Ryan Sriver

University of Illinois at Urbana-Champaign

Atmospheric Sciences


Li, H.and Sriver, R. L. (2017): Impact of ocean coupling on simulated tropical cyclone activity in the High-resolution Community Earth System Model, Journal of Advances in Modeling Earth Systems (in review)
Andrew Huang, Hui Li, Ryan L. Sriver, Alexey V. Fedorov, and Chris M. Brierley (2017): Regional Variations in the Ocean Response to Tropical Cyclones: Ocean Mixing Versus Low Cloud Suppression, Geophysical Research Letters, Wiley-Blackwell, Vol 44, Num 4, pp1947-1955


Hui Li, and Ryan L. Sriver (2016): Effects of Ocean Grid Resolution on Tropical Cyclone-Induced Upper Ocean Responses Using a Global Ocean General Circulation Model, Journal of Geophysical Research: Oceans, Wiley-Blackwell, Vol 121, Num 11, pp8305--8319
Hui Li, Ryan L. Sriver, and Marlos Goes (2016): Modeled Sensitivity of the Northwestern Pacific Upper-Ocean Response to Tropical Cyclones in a Fully Coupled Climate Model with Varying Ocean Grid Resolution, J. Geophys. Res. Oceans, Wiley-Blackwell, Vol 121, Num 1, pp586--601

NCSA Grants $2.6M in Blue Waters Awards to Illinois Researchers

The National Center for Supercomputing Applications (NCSA) at the University of Illinois at Urbana-Champaign has awarded 3,697,000 node hours (NH) of time on the Blue Waters supercomputer to Illinois researchers from Spring 2017 proposal submissions.The combined value of these awards is over $2.6 million dollars, and through the life of the Blue Waters program, NCSA has awarded over 43 million node hours to UI researchers—a value of nearly $27 million. Some of the time allocated for Blue Waters will go to projects that focus on HIV research, Laser Interferometer Gravitational-Wave Observatory (LIGO) simulations, genomics and global warming research..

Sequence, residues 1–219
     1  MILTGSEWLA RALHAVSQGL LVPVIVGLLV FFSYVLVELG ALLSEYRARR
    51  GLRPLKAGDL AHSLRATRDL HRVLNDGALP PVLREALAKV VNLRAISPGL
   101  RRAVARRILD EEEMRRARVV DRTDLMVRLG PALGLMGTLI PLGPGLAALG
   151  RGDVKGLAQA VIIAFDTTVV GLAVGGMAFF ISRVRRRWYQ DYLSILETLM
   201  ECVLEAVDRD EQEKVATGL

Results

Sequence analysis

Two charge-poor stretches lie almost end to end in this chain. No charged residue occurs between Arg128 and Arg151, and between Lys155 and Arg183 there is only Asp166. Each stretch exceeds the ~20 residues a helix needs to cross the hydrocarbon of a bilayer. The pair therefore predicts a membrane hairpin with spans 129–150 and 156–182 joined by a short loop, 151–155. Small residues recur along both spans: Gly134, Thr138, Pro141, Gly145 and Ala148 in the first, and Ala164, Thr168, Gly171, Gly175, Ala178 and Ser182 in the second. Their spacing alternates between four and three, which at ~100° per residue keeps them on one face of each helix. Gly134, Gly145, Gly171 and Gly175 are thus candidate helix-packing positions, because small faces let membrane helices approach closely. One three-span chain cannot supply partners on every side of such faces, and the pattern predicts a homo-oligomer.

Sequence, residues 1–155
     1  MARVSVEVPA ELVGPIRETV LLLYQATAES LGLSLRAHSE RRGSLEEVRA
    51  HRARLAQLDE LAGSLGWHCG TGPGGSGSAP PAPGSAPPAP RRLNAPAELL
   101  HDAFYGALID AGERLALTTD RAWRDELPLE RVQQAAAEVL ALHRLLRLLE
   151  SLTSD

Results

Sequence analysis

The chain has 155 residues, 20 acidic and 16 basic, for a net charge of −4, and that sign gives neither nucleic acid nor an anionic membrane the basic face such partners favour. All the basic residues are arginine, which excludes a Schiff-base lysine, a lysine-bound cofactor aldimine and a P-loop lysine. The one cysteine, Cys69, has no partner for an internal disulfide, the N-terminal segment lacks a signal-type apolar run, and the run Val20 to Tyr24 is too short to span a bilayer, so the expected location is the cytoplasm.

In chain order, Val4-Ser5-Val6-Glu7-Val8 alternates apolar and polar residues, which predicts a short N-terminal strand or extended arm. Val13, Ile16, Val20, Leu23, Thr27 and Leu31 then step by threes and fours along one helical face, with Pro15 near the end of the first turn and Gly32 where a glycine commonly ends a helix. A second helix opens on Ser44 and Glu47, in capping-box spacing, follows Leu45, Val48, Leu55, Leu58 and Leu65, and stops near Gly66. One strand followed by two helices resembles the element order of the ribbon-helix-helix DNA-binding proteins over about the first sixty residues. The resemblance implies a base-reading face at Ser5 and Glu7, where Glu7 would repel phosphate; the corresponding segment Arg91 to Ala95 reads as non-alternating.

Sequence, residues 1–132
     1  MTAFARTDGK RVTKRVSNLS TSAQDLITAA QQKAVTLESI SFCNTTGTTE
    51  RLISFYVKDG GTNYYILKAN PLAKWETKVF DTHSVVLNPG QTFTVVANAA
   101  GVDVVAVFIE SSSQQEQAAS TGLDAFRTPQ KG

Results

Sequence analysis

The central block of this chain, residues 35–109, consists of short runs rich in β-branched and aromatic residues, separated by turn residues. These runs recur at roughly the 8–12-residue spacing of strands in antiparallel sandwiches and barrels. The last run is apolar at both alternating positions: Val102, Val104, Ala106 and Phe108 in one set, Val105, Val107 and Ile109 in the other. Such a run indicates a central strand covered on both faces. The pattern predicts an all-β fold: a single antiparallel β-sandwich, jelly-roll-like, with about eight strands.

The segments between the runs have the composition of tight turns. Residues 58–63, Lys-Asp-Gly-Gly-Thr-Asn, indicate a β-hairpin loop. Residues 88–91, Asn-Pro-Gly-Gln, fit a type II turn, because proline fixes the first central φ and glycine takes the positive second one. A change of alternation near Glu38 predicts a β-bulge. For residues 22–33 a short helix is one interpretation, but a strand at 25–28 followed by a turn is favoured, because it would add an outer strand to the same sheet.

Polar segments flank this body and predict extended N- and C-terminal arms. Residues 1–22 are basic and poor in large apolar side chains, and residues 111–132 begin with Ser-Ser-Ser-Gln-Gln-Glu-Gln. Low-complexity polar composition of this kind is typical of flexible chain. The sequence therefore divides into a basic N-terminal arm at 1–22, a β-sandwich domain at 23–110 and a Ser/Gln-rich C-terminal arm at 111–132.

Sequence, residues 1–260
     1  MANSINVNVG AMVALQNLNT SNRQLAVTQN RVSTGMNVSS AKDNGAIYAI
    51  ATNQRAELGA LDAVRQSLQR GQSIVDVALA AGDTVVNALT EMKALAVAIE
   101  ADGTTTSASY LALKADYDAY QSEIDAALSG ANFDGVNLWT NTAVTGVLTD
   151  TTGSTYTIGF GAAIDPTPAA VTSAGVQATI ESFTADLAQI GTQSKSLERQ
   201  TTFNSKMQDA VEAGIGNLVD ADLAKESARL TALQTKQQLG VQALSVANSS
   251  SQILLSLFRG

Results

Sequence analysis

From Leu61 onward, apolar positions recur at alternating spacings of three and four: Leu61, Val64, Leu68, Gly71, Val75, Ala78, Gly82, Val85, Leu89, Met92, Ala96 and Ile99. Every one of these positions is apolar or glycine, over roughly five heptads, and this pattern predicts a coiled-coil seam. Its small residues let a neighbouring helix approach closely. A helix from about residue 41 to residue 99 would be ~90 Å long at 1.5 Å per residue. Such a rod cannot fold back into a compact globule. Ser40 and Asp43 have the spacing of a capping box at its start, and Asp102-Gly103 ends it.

Blue Waters Illinois allocations awarded to 26 research teams

Twenty-six research teams at the University of Illinois at Urbana-Champaign have been allocated computation time on the National Center for Supercomputing Application's (NCSA) sustained-petascale Blue Waters supercomputer after applying in Fall 2016. These allocations range from 25,000 to 600,000 node-hours of compute time over a time span of either six months or one year. The research pursuits of these teams are incredibly diverse, ranging anywhere from physics to political science..